Honolulu Mayor Kirk Caldwell can finally relax, now that the Legislature has passed another multi-billion-dollar bailout for the Honolulu rail project.

Over a decade ago, the rail was introduced as a solution to our traffic problems. Now it’s 2017 and all we have are missed deadlines, a budget that has nearly doubled to $10 billion and broken promises … not to mention the towering concrete pillars now ruining some of Oahu’s best views.

The Democratic Majority fast-tracked a statewide tax increase to rescue the rail project over only five days. This controversial $2.4 billion tax bill ultimately passed the House by only 16 votes — a slim margin in a body with a 46-member Democratic supermajority.

Rep Gene Ward has words with Vice Speaker Mizuno Rep Evans. 4 may 2017

Republicans say they provided an invaluable voice of dissent during the recent special session. Here, Rep. Gene Ward, left, and then Vice Speaker John Mizuno try to work out their differences regarding the vote for a new speaker in May.

Cory Lum/Civil Beat

The House Minority Caucus has only five members and played a valuable role this special session by providing a voice for dissent.

Our caucus introduced four floor amendments that aimed to bring real accountability to the rail project, enforce a strict budget limit, implement public-private partnerships to save time and taxpayer money, and eliminate the geographic injustice of taxing neighbor island businesses to pay for Honolulu’s budget-busting rail.

Fraud, Waste, Abuse

First, we wanted to help restore public confidence in the rail project by ensuring that the audit would specifically seek out fraud, waste and abuse.

Although the existing bill asks the auditor to examine the rail project’s records, our floor amendment called for a “forensic” audit that explicitly directs the auditor to look for evidence of criminal activity. Without the word “forensic,” there’s fat chance fraud will be uncovered.

Our second floor amendment addressed the project’s soaring costs and likely future visits from the mayor requesting even more tax dollars. He still insists that the project is $600 million to $900 million short, and has admitted he doesn’t know where rail operational and maintenance funds will come from.

Some analysts predict the final cost might be as much as $10 billion to 15 billion. At this rate, who knows how high it could go! That’s why our second floor amendment would have imposed a “rail cap” and put a stop to blind funding of rail.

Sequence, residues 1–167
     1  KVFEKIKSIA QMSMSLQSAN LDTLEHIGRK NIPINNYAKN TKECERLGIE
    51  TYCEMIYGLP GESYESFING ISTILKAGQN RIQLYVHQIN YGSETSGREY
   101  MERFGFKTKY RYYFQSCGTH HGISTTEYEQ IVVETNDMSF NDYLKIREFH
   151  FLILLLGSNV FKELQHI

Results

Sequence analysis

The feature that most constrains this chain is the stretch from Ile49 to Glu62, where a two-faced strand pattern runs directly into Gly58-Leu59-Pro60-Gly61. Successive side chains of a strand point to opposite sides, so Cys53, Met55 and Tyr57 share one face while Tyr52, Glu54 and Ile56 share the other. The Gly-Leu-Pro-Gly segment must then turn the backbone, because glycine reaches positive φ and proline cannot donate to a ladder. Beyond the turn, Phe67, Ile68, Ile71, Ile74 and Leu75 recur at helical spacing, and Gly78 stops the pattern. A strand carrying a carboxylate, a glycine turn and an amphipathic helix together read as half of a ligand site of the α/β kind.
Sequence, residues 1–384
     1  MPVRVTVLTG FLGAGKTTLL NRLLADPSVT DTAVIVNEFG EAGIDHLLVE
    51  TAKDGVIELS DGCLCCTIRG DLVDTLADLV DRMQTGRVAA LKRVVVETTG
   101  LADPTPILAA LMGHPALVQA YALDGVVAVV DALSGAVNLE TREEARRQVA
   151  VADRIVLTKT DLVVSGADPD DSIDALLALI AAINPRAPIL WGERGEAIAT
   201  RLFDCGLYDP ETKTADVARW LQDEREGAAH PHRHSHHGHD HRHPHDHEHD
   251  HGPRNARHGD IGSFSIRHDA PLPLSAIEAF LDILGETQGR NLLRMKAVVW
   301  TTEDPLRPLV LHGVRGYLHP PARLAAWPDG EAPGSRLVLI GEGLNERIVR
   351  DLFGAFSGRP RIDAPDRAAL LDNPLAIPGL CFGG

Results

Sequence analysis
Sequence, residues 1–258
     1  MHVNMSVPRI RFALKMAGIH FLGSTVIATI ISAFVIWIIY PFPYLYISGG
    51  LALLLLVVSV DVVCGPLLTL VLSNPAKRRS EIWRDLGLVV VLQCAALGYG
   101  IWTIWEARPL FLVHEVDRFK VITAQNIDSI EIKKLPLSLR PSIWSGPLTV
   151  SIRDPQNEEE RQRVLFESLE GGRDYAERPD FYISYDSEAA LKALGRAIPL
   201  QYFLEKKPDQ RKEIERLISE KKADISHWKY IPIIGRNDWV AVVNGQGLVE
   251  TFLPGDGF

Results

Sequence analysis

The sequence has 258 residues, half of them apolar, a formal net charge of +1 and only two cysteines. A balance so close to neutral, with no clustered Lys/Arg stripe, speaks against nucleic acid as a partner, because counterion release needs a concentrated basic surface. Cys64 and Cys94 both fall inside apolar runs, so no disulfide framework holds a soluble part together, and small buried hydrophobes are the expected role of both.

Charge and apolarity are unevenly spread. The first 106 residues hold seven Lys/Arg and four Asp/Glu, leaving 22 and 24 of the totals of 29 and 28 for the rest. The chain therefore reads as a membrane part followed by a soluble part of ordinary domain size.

We wanted to help restore public confidence in the rail project by ensuring that the audit would specifically seek out fraud, waste and abuse.

Other states and countries have insisted that the private sector have some “skin in the game” and have tapped into private investment or public-private partnerships (“P3”) as a tool to build public infrastructure faster and with less burden on taxpayers.

Our third amendment would have stopped the flow of state funds for the rail project unless the city could come up with at least 10 percent of the project costs from private investment. It’s simply unfair that public officials have ignored P3 opportunities in favor of repeatedly raising your taxes.

Refusing To Be Silent

Finally, and perhaps most importantly, our last floor amendment would have exempted neighbor islands from the transient accommodations tax increase. Majority leadership negotiated this hasty rail deal without real input or testimony from the neighbor islands, whose residents were blindsided to learn that their local economies would now be held hostage by Honolulu’s rail boondoggle.

Four neighbor-island Democratic Representatives joined us in voting to keep the burden for Honolulu’s rail bailout off the neighbor islands and showed that their dedication to their constituents exceeded that to their leadership.

Although the House Minority Caucus remains small, we refuse to be silent. If the majority was listening to the people of Hawaii, we would not have introduced these common sense amendments because the super-majority would have had the backs of the people of Hawaii.

We will keep pushing for better solutions and continue to fight for greater transparency and accountability in the legislative process, especially to the rail project — the last of which we have not yet heard.

Community Voices aims to encourage broad discussion on many topics of community interest. It’s kind of a cross between Letters to the Editor and op-eds. This is your space to talk about important issues or interesting people who are making a difference in our world. Columns generally run about 800 words (yes, they can be shorter or longer) and we need a photo of the author and a bio. We welcome video commentary and other multimedia formats. Send to news@civilbeat.com.

About the Author